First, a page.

Judge mentioned for Supremes resigns to work for Boeing
Judge resigns from federal appeals court to work for
RICHMOND, Va. -- Judge J. Michael Luttig resigned
Wednesday from the 4th U.S. Circuit Court of Appeals
to accept a job as senior vice president and general
counsel for Boeing Co.
Luttig, a conservative judge and native of Tyler,
Texas, had been named to the federal bench by former
President Bush in 1991 and mentioned last year as a
possible nominee for the U.S. Supreme Court.
"This opportunity just came out of the blue," he told
The Associated Press in a telephone interview from his
Northern Virginia court chambers. "I was not looking
to leave the court, and did not expect to leave the
court. After considering it, it seemed an opportunity
we could not forego."
Luttig said his decision had nothing to do with being
passed over for the Supreme Court nomination.
White House deputy press secretary Dana Perino said
Wednesday, "The president regrets the loss of Judge
Luttig's distinguished service on the federal
judiciary, but respects his decision and wishes him
and his family the best."
Luttig was 37 when he was appointed to the 4th
Circuit, becoming the youngest federal appeals court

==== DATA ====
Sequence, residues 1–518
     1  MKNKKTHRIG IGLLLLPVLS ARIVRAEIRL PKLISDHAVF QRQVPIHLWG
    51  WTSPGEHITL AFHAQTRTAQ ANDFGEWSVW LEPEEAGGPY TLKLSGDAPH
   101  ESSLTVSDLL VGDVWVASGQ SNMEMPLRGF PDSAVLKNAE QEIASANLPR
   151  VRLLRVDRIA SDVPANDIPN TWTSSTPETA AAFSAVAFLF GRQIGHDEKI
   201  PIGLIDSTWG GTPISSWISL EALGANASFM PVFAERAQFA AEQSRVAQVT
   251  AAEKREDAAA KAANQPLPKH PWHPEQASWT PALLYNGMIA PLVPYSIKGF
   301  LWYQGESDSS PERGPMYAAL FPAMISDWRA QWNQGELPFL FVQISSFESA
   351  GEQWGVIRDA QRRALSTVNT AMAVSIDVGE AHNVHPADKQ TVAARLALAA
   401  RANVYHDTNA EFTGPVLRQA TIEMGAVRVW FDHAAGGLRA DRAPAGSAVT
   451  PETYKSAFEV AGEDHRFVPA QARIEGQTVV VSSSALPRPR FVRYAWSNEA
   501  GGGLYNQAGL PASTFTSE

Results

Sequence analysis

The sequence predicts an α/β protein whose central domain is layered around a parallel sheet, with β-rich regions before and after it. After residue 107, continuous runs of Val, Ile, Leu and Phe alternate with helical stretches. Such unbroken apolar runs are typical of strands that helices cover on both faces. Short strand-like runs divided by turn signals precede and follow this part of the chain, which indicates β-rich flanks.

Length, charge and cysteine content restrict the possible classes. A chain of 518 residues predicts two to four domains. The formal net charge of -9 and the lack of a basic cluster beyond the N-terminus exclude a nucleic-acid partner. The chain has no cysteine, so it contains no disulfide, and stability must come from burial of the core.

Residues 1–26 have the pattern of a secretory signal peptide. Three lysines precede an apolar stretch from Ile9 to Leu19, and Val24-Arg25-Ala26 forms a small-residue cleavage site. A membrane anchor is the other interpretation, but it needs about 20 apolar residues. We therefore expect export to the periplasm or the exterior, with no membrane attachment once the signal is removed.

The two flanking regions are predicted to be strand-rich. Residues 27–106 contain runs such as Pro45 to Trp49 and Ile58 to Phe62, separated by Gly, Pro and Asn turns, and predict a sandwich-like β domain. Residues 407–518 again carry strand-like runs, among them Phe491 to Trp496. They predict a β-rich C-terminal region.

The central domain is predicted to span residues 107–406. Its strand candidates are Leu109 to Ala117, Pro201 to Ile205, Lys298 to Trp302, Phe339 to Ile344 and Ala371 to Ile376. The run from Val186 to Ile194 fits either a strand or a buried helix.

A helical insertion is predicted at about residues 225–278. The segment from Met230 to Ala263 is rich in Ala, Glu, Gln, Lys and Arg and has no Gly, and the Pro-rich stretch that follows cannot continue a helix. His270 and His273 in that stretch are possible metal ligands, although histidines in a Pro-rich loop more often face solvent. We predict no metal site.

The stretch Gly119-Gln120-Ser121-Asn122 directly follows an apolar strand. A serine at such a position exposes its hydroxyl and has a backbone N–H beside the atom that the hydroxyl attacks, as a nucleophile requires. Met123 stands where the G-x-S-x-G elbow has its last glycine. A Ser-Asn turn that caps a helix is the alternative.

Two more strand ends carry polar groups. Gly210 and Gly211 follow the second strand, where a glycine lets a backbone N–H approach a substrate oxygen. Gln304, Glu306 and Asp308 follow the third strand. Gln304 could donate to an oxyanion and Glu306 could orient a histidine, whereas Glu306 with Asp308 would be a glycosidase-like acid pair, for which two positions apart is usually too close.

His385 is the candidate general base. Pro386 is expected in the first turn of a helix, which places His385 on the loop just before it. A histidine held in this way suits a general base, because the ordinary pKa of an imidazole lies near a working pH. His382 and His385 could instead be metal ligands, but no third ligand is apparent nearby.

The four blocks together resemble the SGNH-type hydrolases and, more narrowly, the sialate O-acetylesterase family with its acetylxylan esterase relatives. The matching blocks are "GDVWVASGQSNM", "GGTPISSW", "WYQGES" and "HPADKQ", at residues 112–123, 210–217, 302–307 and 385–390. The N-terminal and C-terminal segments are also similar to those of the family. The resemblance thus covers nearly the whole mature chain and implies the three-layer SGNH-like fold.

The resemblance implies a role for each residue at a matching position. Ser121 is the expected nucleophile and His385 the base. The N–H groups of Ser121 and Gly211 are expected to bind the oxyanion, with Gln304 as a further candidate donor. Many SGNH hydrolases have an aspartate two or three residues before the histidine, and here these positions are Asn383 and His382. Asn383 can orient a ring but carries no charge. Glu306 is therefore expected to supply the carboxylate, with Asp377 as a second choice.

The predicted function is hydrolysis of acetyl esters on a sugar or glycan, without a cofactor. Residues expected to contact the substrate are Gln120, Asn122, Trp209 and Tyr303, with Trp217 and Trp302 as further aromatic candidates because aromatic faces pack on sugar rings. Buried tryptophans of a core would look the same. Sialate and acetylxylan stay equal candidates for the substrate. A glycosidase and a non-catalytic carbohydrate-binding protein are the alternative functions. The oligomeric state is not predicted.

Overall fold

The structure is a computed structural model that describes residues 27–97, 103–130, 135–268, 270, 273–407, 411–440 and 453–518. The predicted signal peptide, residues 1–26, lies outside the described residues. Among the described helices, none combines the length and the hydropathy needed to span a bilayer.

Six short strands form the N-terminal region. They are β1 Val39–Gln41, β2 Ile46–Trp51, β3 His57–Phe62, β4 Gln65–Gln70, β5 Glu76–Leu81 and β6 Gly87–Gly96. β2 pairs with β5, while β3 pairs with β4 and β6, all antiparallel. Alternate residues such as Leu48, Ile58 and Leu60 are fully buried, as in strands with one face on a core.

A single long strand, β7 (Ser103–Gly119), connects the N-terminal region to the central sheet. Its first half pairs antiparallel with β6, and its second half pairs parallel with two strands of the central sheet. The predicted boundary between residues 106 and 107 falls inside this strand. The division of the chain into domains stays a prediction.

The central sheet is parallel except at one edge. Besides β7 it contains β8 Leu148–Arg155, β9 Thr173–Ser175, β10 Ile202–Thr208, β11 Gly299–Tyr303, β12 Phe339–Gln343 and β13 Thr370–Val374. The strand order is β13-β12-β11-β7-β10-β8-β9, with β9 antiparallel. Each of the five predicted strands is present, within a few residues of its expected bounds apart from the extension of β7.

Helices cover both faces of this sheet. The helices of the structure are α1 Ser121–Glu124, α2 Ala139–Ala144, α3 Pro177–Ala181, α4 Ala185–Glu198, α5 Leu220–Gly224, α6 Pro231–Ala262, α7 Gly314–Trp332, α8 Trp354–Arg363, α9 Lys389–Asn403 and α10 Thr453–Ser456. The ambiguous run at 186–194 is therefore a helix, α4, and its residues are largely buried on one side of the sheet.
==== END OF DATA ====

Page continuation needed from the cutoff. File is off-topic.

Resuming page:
judge in the country. The Richmond-based appeals court
is widely viewed as the most conservative in the
Luttig previously served as an aide to U.S. Chief
Justice Warren E. Burger and as an assistant counsel
in the Reagan White House. He clerked for Burger and
for Supreme Court Justice Antonin Scalia when Scalia
was a judge on the federal appellate court in
He also helped Justice Clarence Thomas, another Bush
favorite, through his contentious confirmation
hearing. Luttig delivered a eulogy at Burger's funeral
and was a groomsman at the wedding of new Chief
Justice John Roberts.
William Wilkins, chief judge of the 4th Circuit,
praised Luttig for thoughtful and timely opinions
during his years on the federal bench, and for his
vigorous questioning of lawyers arguing before the
"He always did his homework beforehand. He was as
familiar with the record as the lawyers were. He could
engage and really probe into issues before the court,"
At Boeing, he will succeed Douglas G. Bain, who
announced his plans to retire July 1. Luttig and his
wife, Elizabeth, have a daughter and a son. The family
will relocate to the Chicago area.
Criminal cases were more than theoretical exercises
for Luttig, whose father was murdered in a carjacking
more than a decade ago. In 1994, Napoleon Beazley, 17,
confronted businessman John Luttig in the driveway of
his Tyler home and shot him twice in the head.